left right
European Virtual Training Centre
for glass arts and techniques

Czech republic Wooden mould blowing


Written and translated by Tereza Jeřábková

In technological terms hand glass blowing has not changed much since its beginnings.
The oldest blown glass was produced without moulds. Such a technological process has had many limitations, because most of more difficult shapes have not been possible to make without a mould.

First blowing moulds were invented as early as the 5th century B.C. At the beginnings open bowl shaped moulds were probably used. There was the blowing into shutting moulds on the next stage of development. These could already give a precise shape to a glass piece. There were assuredly not only wooden but also metal moulds already used in ancient Rome.

There is evidence about the oldest glass-houses in Czech countries from 2nd half of 13th century. These glass-houses were established in forest area outside of towns, mostly because wood, which has been base row material to produce potassium and as well the fuel for glass furnaces. These were migratory glass-houses. When glass-house burnt all the wood in the surrounding it moved to another place where sufficiency of wood was. This was a routine in all central Europe. So called “forest glass” was produced in these glass-houses. It got its name from this typical location as well as from the greenish colour of glass with high iron content.
The oldest glass-house still operating is in Ch?ibská and was established probably in 1414.

During the 15th and 16th century increased the glass production in Czech countries heavily and in 16th century there were 120 glass-houses registered in Bohemia and Moravia and most of them was already settled on permanent place.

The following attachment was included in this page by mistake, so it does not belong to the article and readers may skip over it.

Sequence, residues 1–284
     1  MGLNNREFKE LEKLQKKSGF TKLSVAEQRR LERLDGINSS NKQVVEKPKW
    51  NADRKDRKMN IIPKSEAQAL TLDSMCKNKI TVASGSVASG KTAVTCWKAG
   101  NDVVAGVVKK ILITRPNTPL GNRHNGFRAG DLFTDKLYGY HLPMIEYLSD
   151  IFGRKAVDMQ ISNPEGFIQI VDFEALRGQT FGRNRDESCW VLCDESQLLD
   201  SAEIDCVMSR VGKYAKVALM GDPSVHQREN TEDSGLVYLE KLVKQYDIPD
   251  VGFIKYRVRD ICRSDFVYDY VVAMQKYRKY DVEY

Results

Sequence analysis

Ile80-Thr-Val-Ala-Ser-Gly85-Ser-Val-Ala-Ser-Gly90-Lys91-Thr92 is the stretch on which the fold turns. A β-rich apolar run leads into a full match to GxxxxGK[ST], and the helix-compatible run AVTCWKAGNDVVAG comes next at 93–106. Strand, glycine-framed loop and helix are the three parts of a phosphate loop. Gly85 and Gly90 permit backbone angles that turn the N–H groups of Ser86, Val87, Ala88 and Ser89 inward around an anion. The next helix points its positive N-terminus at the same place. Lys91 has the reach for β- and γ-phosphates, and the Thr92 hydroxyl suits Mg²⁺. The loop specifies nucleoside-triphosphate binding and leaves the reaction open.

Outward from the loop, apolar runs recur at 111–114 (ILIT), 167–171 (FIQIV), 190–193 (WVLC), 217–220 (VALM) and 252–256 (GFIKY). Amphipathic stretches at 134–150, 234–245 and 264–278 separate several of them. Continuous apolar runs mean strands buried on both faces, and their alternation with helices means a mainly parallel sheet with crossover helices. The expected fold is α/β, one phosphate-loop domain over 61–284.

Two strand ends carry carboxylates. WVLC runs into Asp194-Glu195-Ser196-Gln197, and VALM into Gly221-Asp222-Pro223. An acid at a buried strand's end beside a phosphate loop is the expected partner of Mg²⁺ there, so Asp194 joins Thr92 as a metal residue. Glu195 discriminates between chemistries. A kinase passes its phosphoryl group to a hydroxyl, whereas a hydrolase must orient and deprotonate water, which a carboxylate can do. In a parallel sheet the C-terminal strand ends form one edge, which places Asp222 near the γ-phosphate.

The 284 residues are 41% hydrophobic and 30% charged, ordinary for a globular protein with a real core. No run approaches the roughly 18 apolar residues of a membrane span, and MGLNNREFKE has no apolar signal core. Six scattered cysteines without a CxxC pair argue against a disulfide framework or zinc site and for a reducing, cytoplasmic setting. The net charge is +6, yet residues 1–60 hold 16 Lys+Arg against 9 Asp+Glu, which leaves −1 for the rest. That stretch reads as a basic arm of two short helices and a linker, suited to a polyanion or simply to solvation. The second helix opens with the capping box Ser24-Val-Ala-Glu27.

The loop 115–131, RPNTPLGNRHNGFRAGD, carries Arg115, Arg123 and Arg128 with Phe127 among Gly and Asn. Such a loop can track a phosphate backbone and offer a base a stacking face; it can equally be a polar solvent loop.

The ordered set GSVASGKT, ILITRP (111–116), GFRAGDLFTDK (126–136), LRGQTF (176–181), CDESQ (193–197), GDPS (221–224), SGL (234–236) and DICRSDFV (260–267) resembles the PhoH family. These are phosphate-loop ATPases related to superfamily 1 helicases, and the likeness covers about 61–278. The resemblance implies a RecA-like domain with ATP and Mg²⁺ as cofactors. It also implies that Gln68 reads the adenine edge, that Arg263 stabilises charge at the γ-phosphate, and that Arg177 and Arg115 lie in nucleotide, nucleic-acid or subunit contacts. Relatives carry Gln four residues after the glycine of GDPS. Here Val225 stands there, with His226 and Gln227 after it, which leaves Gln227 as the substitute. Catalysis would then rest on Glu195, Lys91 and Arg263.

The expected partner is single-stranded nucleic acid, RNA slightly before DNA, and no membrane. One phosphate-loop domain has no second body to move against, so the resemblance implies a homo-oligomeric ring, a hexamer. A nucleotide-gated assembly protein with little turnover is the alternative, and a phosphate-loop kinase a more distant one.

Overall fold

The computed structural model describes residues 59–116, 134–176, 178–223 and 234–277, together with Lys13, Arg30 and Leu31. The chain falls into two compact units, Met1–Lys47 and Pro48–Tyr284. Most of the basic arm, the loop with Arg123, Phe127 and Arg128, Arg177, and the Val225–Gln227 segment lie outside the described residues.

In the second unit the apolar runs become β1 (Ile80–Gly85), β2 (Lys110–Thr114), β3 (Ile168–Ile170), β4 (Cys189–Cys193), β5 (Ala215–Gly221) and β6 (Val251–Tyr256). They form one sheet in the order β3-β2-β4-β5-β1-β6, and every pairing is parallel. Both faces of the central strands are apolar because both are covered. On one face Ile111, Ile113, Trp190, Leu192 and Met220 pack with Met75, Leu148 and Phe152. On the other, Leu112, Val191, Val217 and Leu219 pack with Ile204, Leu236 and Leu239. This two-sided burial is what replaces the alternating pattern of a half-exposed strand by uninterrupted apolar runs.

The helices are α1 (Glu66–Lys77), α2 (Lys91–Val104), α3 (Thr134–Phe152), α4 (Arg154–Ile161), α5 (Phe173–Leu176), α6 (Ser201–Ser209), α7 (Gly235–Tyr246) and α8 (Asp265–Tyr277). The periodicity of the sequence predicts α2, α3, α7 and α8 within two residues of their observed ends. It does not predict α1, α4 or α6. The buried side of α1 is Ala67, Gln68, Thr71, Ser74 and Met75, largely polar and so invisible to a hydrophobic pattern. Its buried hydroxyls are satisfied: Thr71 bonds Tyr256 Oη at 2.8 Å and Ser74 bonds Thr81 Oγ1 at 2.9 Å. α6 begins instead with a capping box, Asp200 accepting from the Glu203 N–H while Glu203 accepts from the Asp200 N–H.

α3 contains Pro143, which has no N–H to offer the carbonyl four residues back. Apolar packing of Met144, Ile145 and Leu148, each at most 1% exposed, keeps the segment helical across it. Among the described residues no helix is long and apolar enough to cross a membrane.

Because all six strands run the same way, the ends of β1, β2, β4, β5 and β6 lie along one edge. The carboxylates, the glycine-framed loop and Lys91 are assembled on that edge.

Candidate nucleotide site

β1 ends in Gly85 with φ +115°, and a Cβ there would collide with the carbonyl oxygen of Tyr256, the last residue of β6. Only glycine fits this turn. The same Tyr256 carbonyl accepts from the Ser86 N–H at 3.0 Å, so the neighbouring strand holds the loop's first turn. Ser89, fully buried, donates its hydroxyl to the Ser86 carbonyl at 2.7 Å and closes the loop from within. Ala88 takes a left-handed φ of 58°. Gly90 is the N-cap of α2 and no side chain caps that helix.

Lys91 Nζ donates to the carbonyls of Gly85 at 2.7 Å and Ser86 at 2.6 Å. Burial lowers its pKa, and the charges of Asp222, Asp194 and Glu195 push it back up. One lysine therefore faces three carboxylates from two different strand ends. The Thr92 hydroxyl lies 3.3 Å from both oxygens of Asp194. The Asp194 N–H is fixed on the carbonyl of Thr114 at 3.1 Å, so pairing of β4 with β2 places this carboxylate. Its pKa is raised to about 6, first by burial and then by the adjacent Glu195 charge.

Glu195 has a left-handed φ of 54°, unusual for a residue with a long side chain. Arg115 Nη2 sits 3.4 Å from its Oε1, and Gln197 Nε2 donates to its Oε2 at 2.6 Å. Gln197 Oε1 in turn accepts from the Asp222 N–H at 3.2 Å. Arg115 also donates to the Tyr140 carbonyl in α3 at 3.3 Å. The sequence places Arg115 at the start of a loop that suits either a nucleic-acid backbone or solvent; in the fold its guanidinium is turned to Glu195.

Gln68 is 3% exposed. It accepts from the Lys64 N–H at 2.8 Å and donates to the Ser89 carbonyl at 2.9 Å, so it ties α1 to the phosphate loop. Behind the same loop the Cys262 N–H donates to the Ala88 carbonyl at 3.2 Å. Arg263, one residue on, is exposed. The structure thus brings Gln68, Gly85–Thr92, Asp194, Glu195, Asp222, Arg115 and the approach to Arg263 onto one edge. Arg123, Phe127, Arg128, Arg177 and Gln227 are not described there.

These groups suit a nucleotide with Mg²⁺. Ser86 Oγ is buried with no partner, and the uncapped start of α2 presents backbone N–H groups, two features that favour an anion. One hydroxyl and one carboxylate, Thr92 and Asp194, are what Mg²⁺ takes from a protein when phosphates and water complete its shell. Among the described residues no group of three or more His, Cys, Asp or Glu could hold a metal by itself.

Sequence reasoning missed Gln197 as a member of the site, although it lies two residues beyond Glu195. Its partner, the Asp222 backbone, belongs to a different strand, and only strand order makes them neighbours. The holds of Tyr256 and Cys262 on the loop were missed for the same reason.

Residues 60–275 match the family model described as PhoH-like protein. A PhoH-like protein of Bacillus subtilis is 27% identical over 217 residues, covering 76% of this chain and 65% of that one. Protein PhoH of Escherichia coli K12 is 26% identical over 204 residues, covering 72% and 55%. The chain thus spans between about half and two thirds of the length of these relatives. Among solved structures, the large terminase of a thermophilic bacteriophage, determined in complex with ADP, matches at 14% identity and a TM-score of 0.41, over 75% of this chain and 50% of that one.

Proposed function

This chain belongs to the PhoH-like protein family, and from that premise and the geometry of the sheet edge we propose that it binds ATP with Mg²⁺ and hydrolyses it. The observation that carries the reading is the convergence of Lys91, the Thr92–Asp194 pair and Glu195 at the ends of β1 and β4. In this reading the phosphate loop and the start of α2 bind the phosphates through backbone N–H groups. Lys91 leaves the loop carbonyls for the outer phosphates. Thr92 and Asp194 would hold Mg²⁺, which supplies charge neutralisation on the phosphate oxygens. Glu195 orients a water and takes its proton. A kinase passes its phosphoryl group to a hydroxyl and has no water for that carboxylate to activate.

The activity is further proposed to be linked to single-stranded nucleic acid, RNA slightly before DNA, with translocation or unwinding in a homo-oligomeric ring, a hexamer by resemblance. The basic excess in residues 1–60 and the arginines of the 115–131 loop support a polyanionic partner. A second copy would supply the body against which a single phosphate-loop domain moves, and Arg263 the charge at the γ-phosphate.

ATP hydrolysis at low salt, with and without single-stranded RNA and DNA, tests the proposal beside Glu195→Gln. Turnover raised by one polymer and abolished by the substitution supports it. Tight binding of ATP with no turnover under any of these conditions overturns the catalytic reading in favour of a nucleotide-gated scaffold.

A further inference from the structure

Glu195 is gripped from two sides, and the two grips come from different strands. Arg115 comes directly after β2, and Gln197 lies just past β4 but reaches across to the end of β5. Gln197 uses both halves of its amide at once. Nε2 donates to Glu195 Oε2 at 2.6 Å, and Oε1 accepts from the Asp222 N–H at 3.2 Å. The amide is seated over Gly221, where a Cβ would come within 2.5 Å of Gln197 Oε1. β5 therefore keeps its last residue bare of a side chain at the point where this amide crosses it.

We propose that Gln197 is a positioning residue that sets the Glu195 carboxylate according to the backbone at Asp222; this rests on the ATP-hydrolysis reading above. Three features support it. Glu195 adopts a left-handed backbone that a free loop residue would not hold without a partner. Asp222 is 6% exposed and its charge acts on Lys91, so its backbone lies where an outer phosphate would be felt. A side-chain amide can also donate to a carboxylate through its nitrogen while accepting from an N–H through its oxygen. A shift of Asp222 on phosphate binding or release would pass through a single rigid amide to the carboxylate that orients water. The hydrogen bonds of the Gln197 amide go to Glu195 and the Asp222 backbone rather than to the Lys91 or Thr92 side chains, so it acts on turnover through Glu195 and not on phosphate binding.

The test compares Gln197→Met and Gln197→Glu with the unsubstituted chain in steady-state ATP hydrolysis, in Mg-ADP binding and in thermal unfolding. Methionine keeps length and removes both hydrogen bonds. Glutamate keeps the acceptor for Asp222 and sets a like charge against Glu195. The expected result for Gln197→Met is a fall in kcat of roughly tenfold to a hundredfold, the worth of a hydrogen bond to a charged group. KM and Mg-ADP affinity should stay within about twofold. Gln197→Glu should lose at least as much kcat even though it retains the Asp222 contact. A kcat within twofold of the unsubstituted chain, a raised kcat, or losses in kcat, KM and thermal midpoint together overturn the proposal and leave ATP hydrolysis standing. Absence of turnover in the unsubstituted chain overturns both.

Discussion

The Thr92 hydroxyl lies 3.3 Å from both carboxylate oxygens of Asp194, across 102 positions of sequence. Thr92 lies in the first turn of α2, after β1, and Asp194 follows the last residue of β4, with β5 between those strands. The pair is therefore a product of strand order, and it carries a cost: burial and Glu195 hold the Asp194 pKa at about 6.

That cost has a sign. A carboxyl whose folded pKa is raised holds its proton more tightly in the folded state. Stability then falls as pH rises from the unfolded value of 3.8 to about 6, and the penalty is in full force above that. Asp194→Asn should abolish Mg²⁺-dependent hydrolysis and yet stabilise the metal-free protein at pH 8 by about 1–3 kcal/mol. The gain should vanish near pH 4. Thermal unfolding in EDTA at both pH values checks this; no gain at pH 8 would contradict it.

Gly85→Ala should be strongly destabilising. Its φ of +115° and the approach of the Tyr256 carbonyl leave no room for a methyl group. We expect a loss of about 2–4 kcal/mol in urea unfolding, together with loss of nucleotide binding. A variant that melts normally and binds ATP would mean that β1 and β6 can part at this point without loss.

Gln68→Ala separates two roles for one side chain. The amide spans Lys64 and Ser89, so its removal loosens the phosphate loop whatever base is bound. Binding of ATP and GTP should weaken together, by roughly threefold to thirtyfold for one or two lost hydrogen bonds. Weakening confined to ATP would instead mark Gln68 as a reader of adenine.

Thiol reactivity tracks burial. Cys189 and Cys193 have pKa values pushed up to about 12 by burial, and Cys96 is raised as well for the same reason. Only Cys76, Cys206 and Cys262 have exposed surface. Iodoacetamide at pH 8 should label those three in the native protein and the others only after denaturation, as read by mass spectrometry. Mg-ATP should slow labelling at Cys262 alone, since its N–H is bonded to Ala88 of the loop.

17th century was a swing period in glass-work in Czech countries and glass-houses were established even on places, where glass-work has no tradition. However, in the first half of 18th century the two main specialized glass-work areas were formed.

The biggest amount of furnaces was located In the South of Bohemia, mainly in Novohradské Hory foothills and in Bohemian Forest foothills. And there was a big number of refineries in area of North Bohemia between Nový Bor with ?eská Kamenice and Turnov with Liberec and Jablonec nad Nisou.

The end of 18th century and the beginning of 19th century is era of massive decrease in glass-work, mainly because of Napoleonic wars and market blockade. But again in thirties of 19th century a number of work-shops began to grow slowly.

Unfortunately the First World War meant definitive disappearance of smaller glass-houses by reason of switch-over to new fuel and also because of lower demand after Atr Nuovo glass. During the process of industrialization the production became more specific and centralized.

After 1945 when nationalization came glass factories dealt with a problem of lack of skilled craftsmen by reason of displacement of German glass masters. Glass work was engrossed and smaller glass-houses either were destroyed or became parts of bigger state monopolies.

Nowadays a lot of smaller glass-houses work again, but the overall recessive tendency not only in Czech glasswork , does not make a good opportunity for development of handicraft, which is on the high level but in comparison with machine glasswork it is too expensive.